If anyone ever sees that, they’re looking too closely.
I spend a lot of time looking at antique furniture, often from below. My interest is pieces made about 100 years ago, from the Arts & Crafts period of the early 20th century. I share a passion with those who collect these pieces, but I look at them with a different eye. The lines and proportions draw me in, and I appreciate the rarity and value. But my mind isn’t on the dollar value of any particular piece; I’m out to connect with the guy who made it way back when.
On tours of old houses I hold up the group by crawling under things for a closer look. At museums I set off alarms by getting too close or reaching out to touch when the guard is distracted. My fascination is with how these things go together, and I wonder what constraints of time, money and resources the original maker had to contend with. It’s a reality check against the overload of information in print and online. It’s one thing to read about how things should be done and quite another to look at the tangible legacy of someone’s work.
My favorite moments are when I discover something that only a woodworker would recognize, details that fly over the head of the collector or curator. Building furniture involves compromise; the material and tools don’t always cooperate, and the mind of the cabinetmaker isn’t always as sharp as his chisels.
We strive for perfection, but when it escapes us we have decisions to make. As we build, each part becomes more valuable. Each dovetail, mortise or tenon cut in a piece of wood is an investment of time. When things don’t work out, a painful choice must be made: Scrap the investment and start over or try to fix it so no one will know?
I’m no stranger to those choices, and when I look at old work I don’t search for flaws, but now and then I come across one. Recently I was lying on the floor, pointing my camera up to record how a drawer was built and how it slid in and out of a cabinet. On my way out from under, I noticed a bump in a back leg, just below where a side rail connected. I took a closer look and realized what I was seeing.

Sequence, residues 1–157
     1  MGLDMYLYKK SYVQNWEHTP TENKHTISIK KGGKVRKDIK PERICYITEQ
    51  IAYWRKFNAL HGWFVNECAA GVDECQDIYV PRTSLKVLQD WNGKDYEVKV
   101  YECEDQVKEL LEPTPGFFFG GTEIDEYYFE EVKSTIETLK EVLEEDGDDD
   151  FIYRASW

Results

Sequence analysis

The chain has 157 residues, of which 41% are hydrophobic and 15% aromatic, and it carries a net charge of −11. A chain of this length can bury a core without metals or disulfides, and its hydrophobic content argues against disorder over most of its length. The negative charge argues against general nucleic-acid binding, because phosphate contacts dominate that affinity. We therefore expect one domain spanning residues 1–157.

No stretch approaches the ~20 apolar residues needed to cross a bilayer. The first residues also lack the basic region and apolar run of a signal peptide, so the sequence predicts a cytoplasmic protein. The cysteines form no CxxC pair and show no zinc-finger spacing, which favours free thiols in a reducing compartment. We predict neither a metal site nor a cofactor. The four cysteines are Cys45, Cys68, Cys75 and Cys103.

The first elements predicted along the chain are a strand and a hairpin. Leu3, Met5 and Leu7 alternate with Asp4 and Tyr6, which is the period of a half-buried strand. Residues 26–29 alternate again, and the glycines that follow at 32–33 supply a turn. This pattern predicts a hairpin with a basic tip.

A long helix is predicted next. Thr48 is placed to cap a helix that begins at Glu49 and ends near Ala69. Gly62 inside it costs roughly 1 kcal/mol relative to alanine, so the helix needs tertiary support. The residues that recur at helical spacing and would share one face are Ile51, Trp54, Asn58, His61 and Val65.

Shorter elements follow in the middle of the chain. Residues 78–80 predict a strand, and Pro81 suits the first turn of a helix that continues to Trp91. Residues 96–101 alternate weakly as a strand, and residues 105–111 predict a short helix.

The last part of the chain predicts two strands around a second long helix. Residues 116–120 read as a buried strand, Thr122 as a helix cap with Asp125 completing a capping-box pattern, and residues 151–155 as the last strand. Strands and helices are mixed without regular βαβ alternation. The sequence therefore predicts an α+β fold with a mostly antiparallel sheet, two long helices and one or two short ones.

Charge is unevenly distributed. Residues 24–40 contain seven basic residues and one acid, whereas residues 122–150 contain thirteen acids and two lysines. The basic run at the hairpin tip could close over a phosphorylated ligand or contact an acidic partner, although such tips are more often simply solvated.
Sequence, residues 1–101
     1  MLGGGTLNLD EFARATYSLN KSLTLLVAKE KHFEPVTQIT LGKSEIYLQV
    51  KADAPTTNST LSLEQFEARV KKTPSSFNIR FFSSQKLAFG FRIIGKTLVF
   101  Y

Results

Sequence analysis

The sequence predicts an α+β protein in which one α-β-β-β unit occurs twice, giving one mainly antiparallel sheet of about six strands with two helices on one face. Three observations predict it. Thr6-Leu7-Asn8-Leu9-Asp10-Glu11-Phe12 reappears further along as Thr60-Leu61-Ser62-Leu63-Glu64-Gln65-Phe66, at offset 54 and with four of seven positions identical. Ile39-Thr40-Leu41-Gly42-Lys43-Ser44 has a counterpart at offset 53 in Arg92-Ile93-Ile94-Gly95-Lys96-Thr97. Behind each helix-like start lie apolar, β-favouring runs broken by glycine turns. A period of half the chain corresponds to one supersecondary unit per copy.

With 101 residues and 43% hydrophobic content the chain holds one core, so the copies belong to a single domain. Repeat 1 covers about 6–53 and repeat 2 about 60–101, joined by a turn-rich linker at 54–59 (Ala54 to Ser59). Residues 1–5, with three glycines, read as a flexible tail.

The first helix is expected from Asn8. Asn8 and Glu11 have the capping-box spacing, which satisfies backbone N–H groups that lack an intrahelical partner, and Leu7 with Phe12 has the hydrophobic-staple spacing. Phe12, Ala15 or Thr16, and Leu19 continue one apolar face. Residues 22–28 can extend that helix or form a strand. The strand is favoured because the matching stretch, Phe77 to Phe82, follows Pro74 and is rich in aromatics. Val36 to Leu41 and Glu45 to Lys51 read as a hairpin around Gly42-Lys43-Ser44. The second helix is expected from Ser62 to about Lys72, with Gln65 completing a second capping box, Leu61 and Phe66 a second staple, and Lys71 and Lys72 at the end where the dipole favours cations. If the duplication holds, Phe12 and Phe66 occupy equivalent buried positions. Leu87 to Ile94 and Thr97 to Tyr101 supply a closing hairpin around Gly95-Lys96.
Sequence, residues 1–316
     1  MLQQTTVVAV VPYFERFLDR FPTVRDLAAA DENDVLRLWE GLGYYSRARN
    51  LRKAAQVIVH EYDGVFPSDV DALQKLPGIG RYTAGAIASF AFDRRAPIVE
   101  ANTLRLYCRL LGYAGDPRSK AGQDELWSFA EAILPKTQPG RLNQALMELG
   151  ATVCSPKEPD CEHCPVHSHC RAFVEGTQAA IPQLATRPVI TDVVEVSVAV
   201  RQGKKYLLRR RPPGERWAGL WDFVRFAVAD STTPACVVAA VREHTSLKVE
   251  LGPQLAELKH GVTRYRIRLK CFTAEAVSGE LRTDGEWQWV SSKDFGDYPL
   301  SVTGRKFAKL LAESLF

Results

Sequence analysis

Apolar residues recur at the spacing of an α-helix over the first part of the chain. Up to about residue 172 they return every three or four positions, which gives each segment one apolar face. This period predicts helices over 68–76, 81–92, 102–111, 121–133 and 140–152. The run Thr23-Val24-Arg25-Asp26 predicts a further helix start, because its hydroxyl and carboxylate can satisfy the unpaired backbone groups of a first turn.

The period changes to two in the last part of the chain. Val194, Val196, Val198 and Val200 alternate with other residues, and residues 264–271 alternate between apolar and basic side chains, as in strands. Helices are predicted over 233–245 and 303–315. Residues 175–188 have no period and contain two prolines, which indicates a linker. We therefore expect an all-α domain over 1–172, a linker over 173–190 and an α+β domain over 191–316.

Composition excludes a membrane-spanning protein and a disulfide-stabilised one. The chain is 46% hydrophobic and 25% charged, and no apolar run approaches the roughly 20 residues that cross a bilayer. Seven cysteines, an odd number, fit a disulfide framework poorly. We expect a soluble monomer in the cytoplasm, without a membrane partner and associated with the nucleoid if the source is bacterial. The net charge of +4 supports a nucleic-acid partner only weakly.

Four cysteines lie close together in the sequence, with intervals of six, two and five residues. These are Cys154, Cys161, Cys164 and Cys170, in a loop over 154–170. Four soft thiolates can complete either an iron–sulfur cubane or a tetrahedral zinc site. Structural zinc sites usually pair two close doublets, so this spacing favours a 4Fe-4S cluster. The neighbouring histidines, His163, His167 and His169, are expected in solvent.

On this piece, a side panel sat in a groove in the square leg. Below the panel, a rail joined the leg with a tenon. The mortise is in the groove, a deeper portion at the end. The bump I saw was in line with the panel, and I knew that the original builder had made a classic woodworking mistake.
The groove has to stop so that it doesn’t show, but it’s easy to lose track of where to stop when milling the groove and go too far. I’ve done it, and I’ve been faced with that same dilemma another cabinetmaker faced a century ago: Throw out the leg, or try to make an invisible patch?
He chose to patch, and I can’t find fault with him for putting it in. The leg below the rail is in a shadow, and the grain and color of the patch matched the leg. What gave it away was wood movement. The leg had shrunk or the patch had swelled. Below the rail was a neat, rectangular area a few inches long that just broke the surface of the leg. I wondered if he had cussed and thrown something or just quietly looked for a matching piece of scrap.
I stepped back and looked at the patch from a normal point of view and I couldn’t see it. I crouched down for a closer look, and again the repair was lost in the shadow. I could feel it if I ran my hand in just the right place, but it wasn’t visible unless my head was near the floor.
We tend to idealize craftsmen of the past, but I think I admire the man more for finding evidence of his lapse and the execution of his repair. None of us is perfect, and the discovery of this kind of thing makes a better connection to workers of the past than absolutely perfect work.
There’s a chance that I’m the only person to ever spot this repair. I’m sure that it ruined the man’s day and he likely worried about what would happen if it were seen. In the end, it’s a small flaw in a hidden location in what is considered to be a masterpiece. Its presence makes sense to me, and if the original maker and I were to meet through time-travel or some other cosmic happenstance, I would shake his hand and say, “That’s OK brother, your secret is safe with me.”
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